Your First Love Experience

As a mom of four sons, it’s tough to find words to describe how I felt when I held each of them in my arms for the first time…especially with my first son, who was pretty beat up trying to make his way into this world.

Looking at his teeny little [very] bruised, [very] scratched face, his [very] wrinkled, pug-like forehead, and his [very elongated] cone head his daddy was sure would never get better, I looked at my baby and said, “You poor, pitiful little thing. Mamma’s gonna love you. Mamma’s gonna keep you safe.”

Oh, I loved each of my babies, no question about that. But it wasn’t a love I had ever before experienced. It was warm and tender and caring, yes. Yet there was something different about this love. Something very different.

My love for my new babies was protective. I was protective. Like never before, I felt this surge of she-bearness. This overwhelming desire to keep my babies from harm. This drive-push-urge to keep them safe. To shield them from whatever the world threw at them.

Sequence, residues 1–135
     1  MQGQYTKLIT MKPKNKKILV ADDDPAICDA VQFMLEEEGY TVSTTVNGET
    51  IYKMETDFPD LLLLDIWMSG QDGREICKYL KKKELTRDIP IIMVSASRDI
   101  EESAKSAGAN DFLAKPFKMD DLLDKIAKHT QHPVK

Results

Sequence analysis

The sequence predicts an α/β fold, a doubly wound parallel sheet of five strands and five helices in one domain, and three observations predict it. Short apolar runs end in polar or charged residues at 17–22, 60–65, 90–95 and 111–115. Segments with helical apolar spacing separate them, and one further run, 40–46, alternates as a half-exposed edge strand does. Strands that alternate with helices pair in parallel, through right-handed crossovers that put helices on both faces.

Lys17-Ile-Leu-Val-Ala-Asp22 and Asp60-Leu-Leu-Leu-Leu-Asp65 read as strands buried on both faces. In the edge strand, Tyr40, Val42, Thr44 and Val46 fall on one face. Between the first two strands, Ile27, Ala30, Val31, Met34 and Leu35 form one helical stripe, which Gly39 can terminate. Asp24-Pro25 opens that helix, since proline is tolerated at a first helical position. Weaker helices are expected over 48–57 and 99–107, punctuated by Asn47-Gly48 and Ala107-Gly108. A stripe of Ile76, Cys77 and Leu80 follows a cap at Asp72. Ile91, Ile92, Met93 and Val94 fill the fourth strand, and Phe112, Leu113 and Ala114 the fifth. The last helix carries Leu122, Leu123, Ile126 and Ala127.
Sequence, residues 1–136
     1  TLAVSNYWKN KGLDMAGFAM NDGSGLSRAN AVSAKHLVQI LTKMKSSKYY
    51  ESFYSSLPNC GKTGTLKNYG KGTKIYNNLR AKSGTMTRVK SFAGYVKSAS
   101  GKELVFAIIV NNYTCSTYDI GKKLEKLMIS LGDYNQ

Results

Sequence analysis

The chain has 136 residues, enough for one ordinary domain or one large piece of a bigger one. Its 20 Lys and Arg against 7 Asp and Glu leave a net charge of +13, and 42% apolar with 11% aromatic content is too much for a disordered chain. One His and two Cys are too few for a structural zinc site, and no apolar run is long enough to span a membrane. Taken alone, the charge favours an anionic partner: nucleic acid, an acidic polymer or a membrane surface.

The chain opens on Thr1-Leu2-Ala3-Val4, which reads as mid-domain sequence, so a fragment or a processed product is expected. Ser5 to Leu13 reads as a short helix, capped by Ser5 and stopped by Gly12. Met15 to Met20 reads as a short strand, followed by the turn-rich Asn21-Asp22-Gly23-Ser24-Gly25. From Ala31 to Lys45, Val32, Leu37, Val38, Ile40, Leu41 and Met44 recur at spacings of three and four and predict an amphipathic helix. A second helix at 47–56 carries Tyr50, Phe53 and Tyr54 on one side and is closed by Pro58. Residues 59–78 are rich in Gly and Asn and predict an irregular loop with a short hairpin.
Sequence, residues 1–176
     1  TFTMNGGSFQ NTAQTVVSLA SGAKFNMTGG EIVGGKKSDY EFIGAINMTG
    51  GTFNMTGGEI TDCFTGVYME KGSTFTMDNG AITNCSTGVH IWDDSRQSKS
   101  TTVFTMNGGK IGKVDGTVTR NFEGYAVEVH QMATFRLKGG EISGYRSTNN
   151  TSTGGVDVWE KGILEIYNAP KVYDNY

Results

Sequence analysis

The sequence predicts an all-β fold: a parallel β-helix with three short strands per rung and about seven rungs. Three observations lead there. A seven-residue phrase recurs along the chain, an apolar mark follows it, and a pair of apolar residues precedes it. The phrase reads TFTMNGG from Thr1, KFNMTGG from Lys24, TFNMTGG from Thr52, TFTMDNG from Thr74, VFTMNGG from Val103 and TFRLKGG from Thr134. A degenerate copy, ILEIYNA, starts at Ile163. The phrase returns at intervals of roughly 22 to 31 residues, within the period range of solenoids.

I nurtured my babies. I kept them safe. I protected them.

But my babies didn’t experience me as nurturing. As keeping them safe. As protecting them. They experienced me as love.

Little did I know, I was shaping their abilities to someday fall in love and to become parents. They love today because we first loved them 20+ years ago.

You see, for most of us, the first love relationship we experience is the parent-child relationship. Born helpless with nothing more than survival reflexes, we are fully reliant upon our parents for every need.

It is this very dependency on others that propels us to form emotional bonds in which we give and receive love. And it is from the experiences of the earliest of all love relationships that our later-in-life love relationships take place. Researchers refer to this close, emotional tie in the early days/months/years as attachment.

Photo Credit: London looks (flickr.com)

Trackbacks

  1. [...] Attachment is a developmental phase that we never outgrow. [...]

  2. [...] “The way we raise our children today in this country is increasingly depriving them of the practices that lead to well-being and a moral sense,” says Narvaez.  She provides parents with six childrearing practices in the child’s first 0 to 6 years that lead to healthy attachment: [...]

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